CONSIDERATIONS FOR PRE-EXPOSURE PROPHYLAXIS
The CDC and the United States Preventive Services Task Force recommend use of preexposure prophylaxis (PrEP) in all high-risk individuals, including transgender persons.19 Small pharmacokinetic studies have found lower serum concentrations of emtricitabine (F)/TDF and F/TAF in transgender women. However, these lower concentrations were still within the expected ranges for patients taking these medications and above the levels necessary to confer 90% protection from HIV infection.20 F/TDF has no effect on serum levels of gender-affirming hormones, more specifically testosterone and estradiol.21 Long-acting injectable cabotegravir (CAB) is not expected to have any drug-drug interactions (DDIs) with GAHT and was found to be superior to oral PrEP for prevention of HIV infection.22,23 Therefore, F/TDF and CAB can each be safely used as PrEP in the setting of GAHT. F/TAF is expected to remain efficacious in transgender women on FHT, but it is currently not approved for transgender men.19-22
Modern ARV regimens have few, if any, expected DDIs with GAHT, including agents used for PrEP. Clinicians should discuss the benefits of adherence to agents used for HIV treatment and prevention, as well as the minimal risk for DDIs with GAHT.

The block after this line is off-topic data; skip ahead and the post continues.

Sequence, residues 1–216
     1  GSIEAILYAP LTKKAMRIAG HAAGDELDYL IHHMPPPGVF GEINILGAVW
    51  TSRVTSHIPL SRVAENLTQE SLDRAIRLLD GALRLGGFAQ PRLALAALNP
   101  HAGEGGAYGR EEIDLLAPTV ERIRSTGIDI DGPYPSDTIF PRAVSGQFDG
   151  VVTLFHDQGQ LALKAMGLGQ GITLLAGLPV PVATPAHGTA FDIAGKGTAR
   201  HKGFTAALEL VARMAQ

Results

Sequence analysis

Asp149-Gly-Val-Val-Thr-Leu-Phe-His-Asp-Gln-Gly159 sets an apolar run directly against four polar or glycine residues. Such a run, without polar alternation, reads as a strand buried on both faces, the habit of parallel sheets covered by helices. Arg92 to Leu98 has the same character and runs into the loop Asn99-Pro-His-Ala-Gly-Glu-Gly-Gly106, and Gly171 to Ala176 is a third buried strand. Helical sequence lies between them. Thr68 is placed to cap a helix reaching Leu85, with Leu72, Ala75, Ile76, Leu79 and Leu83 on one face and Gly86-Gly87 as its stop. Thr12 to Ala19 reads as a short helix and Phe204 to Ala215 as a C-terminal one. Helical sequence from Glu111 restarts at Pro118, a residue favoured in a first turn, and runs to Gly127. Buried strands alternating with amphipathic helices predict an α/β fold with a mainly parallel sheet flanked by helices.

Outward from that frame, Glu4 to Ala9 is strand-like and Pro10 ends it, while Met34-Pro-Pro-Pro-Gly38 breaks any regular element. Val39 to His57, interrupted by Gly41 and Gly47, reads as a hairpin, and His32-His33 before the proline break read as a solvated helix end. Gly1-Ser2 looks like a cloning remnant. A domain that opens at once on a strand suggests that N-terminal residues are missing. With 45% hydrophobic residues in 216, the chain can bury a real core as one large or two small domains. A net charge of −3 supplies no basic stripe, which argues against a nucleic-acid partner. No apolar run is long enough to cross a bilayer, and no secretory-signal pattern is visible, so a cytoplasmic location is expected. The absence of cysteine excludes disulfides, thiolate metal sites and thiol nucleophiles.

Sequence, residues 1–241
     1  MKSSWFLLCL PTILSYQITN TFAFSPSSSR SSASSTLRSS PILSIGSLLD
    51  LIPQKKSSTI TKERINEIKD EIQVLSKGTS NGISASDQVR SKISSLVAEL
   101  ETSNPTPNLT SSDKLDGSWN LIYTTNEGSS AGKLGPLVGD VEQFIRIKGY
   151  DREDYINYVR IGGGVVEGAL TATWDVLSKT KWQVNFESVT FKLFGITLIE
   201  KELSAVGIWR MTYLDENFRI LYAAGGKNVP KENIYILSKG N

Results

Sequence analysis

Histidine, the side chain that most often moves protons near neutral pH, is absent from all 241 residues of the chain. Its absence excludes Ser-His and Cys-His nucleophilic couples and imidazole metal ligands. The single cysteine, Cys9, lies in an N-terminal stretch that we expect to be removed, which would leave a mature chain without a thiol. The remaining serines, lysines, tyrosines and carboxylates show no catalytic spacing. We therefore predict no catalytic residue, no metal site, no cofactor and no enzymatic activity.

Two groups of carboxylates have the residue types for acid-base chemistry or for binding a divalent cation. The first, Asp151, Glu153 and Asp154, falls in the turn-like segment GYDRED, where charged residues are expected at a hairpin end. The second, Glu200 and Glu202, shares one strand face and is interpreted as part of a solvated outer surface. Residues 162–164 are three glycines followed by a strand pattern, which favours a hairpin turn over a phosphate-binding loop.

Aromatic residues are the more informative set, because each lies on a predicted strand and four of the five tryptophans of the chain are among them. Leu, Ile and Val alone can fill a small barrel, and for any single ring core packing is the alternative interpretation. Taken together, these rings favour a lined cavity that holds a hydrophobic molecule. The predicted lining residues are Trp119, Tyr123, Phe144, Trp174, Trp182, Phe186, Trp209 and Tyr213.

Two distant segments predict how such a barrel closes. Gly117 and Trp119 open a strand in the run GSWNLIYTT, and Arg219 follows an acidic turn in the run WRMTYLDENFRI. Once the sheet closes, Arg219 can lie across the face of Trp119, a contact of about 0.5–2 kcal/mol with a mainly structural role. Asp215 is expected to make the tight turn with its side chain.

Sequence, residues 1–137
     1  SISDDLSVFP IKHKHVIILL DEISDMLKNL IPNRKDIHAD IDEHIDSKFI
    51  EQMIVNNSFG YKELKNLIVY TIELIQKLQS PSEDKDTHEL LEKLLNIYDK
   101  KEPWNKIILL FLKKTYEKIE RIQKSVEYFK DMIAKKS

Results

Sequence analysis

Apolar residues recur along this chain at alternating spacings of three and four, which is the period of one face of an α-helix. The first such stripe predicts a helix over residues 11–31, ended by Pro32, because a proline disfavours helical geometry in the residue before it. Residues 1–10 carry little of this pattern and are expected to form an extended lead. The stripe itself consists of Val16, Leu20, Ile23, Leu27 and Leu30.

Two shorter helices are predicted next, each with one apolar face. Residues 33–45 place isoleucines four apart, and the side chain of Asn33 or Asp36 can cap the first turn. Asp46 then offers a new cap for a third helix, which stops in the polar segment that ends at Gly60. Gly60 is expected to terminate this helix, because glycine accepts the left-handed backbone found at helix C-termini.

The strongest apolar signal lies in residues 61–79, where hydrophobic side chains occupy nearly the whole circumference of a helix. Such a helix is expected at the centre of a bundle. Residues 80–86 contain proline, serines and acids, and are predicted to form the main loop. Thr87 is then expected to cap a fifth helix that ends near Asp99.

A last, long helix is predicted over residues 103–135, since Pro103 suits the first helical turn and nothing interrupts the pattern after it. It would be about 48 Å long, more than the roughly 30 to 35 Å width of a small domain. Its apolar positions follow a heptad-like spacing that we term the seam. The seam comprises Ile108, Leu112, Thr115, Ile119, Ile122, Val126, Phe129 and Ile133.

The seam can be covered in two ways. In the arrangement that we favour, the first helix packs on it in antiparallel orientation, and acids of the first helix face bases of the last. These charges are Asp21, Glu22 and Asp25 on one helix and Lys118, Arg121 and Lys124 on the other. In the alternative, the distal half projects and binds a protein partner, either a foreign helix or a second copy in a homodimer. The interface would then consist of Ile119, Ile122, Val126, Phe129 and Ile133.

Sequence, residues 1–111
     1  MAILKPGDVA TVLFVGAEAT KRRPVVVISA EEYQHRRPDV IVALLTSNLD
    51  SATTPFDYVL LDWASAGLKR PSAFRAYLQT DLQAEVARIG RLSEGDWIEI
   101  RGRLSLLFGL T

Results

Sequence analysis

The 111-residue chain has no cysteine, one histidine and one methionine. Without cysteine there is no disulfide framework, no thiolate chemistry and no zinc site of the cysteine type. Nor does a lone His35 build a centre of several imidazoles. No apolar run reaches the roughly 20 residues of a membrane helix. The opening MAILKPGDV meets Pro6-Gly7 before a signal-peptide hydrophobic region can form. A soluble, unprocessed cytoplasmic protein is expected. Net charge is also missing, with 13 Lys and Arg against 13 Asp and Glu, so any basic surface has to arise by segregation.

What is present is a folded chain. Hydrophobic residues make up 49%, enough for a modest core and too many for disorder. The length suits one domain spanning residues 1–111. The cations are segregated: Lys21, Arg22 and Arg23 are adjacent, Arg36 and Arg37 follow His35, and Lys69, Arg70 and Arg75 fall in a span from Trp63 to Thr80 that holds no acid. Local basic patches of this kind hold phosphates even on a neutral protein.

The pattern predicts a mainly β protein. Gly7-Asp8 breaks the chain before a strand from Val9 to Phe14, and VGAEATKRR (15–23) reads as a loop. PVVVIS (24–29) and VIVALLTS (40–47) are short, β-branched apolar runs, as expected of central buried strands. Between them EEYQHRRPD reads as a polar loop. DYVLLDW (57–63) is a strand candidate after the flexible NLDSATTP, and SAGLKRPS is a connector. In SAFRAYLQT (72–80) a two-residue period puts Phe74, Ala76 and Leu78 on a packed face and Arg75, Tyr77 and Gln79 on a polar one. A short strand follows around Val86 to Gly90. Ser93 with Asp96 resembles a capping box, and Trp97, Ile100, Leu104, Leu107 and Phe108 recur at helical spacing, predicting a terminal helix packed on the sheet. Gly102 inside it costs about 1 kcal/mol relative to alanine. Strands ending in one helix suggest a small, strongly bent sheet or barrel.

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2.HHS Office of Population Affairs. Gender-Affirming Care and Young People. Department of Health and Human Services Accessed July 20, 2022. https://opa.hhs.gov/sites/default/files/2022-03/gender-affirming-care-young-people-march-2022.pdf
3.Deutsch M. Guidelines for Primary and Gender-Affirming Care of Transgender and Gender Nonbinary People. 2nd ed. Center of Excellence for Transgender Health; 2016.
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5.HIV and Transgender People. Centers for Disease Control and Prevention; 2022. Accessed July 20, 2022. https://www.cdc.gov/hiv/pdf/group/gender/transgender/cdc-hiv-transgender-factsheet.pdf
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8.Standards of Care for the Health of Transsexual, Transgender, and Gender Nonconforming People. In: Vol 7. World Professional Association of Transgender Health; 2012. https://www.wpath.org/publications/soc
9.Hembree W, Cohen-Kettenis P, Gooren L, et al. Endocrine Treatment of Gender-Dysphoric/ Gender Incongruent Persons: An Endocrine Society Clinical Practice Guideline. J Clin Endocrinol Metab. 2017;102(11):3869-3903.
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13.Panel on Antiretroviral Guidelines for Adults and Adolescentse. Guidelines for the Use of Antiretroviral Agents in Adults and Adolescents with HIV. Department of Health and Human Services. Accessed August 22, 2021. Department of Health and Human Services
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19.US Centers for Disease Control and Prevention and Public Health Service Task Force. PREEXPOSURE PROPHYLAXIS FOR THE PREVENTION OF HIV INFECTION IN THE UNITED STATES – 2021 UPDATE.; 2021.
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21.Yager J, Brooks KM, Brothers J, et al. Gender-affirming hormone pharmacokinetics among adolescent and young adult transgender persons receiving daily F/TDF. AIDS Research and Human Retroviruses. Published online July 10, 2022:AID.2022.0044. doi:10.1089/AID.2022.0044